What’s struck me after contacting nearly 100 of these respondents is how few of them actually respond. I realize not everyone is going to answer the phone, but if they don’t, I leave a polite voicemail and send them an email as well. Obviously, they’ve provided the information. Most don’t respond to either, even to say “hey, I was bored late one night and I filled this out but I’m not really interested.”
You should know that I’m not selling them anything. My services are free. Like a realtor, I’m paid by the seller; in this case, the franchisor. Once I get them on the telephone, it takes only about 10 minutes for me to assess their needs and to figure out how we should proceed, so this process is neither time-consuming nor costly. They’ve taken the time to start the process yet they hit the brakes before it even gets going.
What’s the point for your business? Sometimes customers know they have a need but they’re afraid of solving the problem. For any of us, change is hard. For people who are unhappy with their lives, it can be crippling to believe that there is a better way on the other end of the phone or through the door to your business. In my case, most of these people want to change their lives somehow and I think they were channeling that when they filled out the form. When change came knocking at their door (or calling their phones), the fear kicked in. Any business faces that to a certain extent. Why don’t people go for physicals? Putting aside the cost, I think in part it’s because they don’t feel bad and they don’t want to know if something is wrong. If the states didn’t mandate auto inspections, how many people would routinely have a mechanic give it the once over as preventative maintenance?
Part of what we need to do as good businesspeople is to guide our customers. They may be fearful or reluctant. Remember that they wouldn’t be at your door if they didn’t have a problem big or small that they need to be solved. Your job (and mine) is to help them with that solution and a better life. Make sense?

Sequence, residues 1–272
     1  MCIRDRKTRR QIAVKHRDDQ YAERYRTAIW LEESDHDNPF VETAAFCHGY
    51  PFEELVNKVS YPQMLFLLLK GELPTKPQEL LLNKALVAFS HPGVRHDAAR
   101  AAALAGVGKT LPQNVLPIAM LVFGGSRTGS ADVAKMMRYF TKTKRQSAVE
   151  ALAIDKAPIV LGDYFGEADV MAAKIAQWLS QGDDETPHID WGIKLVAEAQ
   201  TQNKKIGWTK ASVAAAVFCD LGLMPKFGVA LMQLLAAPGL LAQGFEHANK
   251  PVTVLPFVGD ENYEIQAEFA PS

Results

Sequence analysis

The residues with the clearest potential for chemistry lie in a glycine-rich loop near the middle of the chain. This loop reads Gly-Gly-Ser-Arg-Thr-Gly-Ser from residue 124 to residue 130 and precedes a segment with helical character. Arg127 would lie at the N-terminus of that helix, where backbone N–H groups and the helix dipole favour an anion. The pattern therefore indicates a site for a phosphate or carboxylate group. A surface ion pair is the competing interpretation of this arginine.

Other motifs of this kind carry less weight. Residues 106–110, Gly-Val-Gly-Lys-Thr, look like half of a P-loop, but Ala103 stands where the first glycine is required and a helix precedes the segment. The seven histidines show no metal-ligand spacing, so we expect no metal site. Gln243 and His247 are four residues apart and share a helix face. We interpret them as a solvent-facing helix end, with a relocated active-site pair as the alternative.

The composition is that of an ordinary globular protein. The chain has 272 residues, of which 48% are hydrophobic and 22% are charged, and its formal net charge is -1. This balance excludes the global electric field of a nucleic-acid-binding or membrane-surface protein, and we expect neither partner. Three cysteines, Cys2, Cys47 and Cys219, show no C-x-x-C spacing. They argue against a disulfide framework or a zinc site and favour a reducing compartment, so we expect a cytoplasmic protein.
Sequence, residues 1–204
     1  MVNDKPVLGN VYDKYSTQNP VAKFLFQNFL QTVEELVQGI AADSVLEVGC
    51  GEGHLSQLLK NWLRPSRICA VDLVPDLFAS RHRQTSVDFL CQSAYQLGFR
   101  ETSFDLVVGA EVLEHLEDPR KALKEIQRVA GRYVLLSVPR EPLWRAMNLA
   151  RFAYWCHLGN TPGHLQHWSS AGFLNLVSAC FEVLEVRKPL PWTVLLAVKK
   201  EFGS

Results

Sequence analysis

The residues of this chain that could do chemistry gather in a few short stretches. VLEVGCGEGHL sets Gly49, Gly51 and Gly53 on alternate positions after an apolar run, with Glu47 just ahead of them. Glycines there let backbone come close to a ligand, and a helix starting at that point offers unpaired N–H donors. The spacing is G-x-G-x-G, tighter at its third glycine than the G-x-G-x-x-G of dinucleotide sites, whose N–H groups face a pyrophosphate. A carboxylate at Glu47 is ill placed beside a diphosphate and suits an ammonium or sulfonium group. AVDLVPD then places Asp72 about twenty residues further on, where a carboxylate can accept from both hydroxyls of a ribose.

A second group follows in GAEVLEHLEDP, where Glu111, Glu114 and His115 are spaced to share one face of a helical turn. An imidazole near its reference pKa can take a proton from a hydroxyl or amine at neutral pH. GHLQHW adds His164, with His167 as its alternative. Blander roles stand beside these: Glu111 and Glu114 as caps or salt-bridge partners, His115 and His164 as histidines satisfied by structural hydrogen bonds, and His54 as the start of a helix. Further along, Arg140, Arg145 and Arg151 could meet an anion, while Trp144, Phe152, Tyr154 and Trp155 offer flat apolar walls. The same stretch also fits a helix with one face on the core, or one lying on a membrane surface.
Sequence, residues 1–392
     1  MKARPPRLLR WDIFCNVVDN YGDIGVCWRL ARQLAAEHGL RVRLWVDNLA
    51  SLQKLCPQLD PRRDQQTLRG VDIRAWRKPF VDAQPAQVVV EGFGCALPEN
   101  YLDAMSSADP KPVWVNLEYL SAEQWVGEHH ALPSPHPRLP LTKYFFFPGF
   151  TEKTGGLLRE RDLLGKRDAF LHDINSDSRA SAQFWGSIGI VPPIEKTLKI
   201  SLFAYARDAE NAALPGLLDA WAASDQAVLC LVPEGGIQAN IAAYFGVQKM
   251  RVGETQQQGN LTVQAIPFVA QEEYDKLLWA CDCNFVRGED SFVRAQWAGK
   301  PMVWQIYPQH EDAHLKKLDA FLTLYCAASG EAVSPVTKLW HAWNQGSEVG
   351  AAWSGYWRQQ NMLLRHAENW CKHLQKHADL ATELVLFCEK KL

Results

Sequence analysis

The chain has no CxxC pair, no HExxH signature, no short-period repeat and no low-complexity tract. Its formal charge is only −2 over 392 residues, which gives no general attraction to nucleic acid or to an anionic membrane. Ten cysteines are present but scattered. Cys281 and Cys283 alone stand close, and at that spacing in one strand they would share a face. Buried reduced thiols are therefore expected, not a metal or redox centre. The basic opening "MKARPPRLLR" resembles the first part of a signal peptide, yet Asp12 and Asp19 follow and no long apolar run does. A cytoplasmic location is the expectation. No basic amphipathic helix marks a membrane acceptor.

This Foodie Friday, I want us to think about the thing that really makes food worth eating: our sense of taste. I was at a tequila tasting the other night (don’t judge – you’d be fine if I had said wine tasting) and the fellow conducting the tasting had the participants do something interesting. He asked us to dip our fingers into the tequila we were sampling and to place a dab UNDER our tongues. When we did so, a moment later we had a completely different taste experience than when we placed a drop directly on our tongues. The subtle sweetness of the tequila became evident while many of the more dominant notes for which tequila is often known didn’t immediately appear.
This got me thinking. You probably know that the old myths about our tongues having different “regions” of taste have been disproven (and it’s easy to do that yourself). You might not know, however, that without saliva you can’t taste anything. That’s easy to prove yourself as well. Just dry off your tongue and put some food directly on it. You probably won’t taste anything at all. Have a sip of water and try again. There’s the taste! I’m sure you’ve also had the experience of not being able to taste when you have a cold. 80% of taste is related to smell – the flavor of something happens when the tongue and the nose combine their work in your brain.